Treating Postpartum Depression
Scott Stuart, M.D.
Associate Professor of Psychiatry, Department of Psychiatry
University of Iowa Hospitals and Clinics
To treat new mothers who have postpartum depression, and who are not breastfeeding, any of the
commonly used antidepressant medications for postpartum depression may be prescribed. If there is a
history of depression, the choice of medication should be based on the womans previous
response to medication, or her familys history of response to treatment.
When considering the treatment of depression in women who breastfeed, it is important to
be aware of the risks posed by untreated depression, especially the
adverse effects it can have on child development.
The risks of medication and the benefits of treatment should be carefully weighed.
Experts agree that moderate to severe depression in nursing mothers should be treated
with medication. Current data suggest that the use of tricyclic antidepressants (TCAs)
and the selective serotonin re-uptake inhibitors (SSRIs) is relatively safe for the
Though fewer women have been treated postpartum with the new generation antidepressants, these
medications also appear to be relatively safe during breastfeeding. Electroconvulsive therapy can
be safely used for women with psychotic depression, and for those who do not respond to other
In sum, the current clinical consensus is that antidepressants can be used with breastfeeding women
who have moderate to severe depression. Because commonly used antidepressant medications appear
safe, the guidelines for selection of medication described above (e.g., previous response or
family history of response to treatment) should be used. Supplementation of breastfeeding with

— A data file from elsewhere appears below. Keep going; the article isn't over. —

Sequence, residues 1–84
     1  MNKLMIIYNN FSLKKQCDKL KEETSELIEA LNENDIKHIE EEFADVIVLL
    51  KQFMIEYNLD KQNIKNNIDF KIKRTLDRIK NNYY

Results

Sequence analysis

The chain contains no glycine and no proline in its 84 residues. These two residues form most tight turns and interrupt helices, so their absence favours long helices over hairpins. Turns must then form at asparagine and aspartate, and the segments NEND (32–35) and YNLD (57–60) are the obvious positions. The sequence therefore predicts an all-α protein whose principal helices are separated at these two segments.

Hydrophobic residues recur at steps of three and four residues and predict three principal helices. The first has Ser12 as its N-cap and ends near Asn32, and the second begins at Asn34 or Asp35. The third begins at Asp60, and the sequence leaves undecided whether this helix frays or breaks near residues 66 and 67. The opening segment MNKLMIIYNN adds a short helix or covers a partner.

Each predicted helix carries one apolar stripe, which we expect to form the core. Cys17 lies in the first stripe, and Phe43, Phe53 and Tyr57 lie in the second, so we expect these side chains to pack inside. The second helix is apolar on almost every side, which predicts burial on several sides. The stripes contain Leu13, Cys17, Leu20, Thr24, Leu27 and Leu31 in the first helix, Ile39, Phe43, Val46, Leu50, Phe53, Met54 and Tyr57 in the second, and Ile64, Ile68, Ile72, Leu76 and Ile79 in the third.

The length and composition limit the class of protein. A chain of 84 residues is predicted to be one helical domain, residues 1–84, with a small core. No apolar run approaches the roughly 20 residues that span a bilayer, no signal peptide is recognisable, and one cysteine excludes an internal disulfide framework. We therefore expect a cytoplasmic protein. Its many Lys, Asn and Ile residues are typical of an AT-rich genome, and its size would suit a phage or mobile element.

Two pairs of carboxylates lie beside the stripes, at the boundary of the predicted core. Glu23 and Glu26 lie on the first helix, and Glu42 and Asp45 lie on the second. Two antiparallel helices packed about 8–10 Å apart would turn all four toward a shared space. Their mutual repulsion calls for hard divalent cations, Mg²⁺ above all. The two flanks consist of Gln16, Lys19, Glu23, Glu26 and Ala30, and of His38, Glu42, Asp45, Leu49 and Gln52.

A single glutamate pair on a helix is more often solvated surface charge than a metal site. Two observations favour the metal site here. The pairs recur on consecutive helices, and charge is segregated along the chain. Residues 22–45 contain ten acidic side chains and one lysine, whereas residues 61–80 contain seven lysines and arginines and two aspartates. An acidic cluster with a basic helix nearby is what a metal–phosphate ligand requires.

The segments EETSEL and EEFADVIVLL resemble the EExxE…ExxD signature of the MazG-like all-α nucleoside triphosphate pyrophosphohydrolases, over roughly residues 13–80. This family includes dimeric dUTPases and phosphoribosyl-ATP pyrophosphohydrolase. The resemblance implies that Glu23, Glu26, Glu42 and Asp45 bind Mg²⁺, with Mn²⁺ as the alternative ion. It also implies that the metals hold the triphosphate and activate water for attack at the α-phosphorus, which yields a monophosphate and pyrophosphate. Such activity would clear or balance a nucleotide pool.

bottle feeding during times of peak exposure may also reduce risks to infants.
Despite data supporting the relative safety of antidepressant medications during
breastfeeding, many women are wary of their use. In one study, only 20% of women with
postpartum depression said that they would consider using antidepressant medications.
Psychotherapy is an effective alternative for women who do not want to use medications
Psychosocial treatments for postpartum mood disorders fall into two categories:
- Preventive treatments. These aim to prevent depression. They begin during pregnancy or soon
after the baby is born.
- Psychosocial intervention for women with postpartum depression.
Research suggests that the use of preventive measures with women who are not at high risk is an
ineffective use of resources. However, the value of community screening has been clearly
demonstrated. Women who are depressed can be identified either through health clinics or by
visiting health care providers. Once identified, such women are often willing to engage in acute
treatment. Given the implications of untreated postpartum depression for both women and their
children, community screening is well worth the effort.
In contrast to preventive measures, treatment of an acute episode of depression with short-term
psychotherapy is often beneficial. Interpersonal psychotherapy, using a time-limited treatment of
12 to 16 weeks, is very effective in reducing depressive symptoms. Cognitive therapy, though not
yet tested as a treatment for postpartum depression, is also likely to be helpful. Studies
comparing the use of psychotherapy with medications for postpartum depression, and evaluating the
use of psychotherapy for women who have depression during pregnancy, are currently underway at the
University of Iowa.
Recommendations for Treatment of Postpartum Depression
Level of depression
Mild to moderate
Interpersonal psychotherapy, cognitive therapy
Moderate to severe
Serotonin re-uptake inhibitors (Fluoxetine, Sertraline, Paroxetine)
Tricyclic antidepressants (Imipramine, Nortriptyline, and others)
New generation antidepressants (Venlafaxine, Buproprion, and others)
Antidepressant treatment during breast-feeding, by KL Wisner et al. (1996) AmJPsychiat
," by S. Stuart (1999). In Postpartum Psychiatric
Disorders, ed. L. Miller.
Postpartum Depression: Causes and Consequences, by MW O'Hara (1994).
Postpartum Health Research Laboratory, University of Iowa; phone 319/335-0307.
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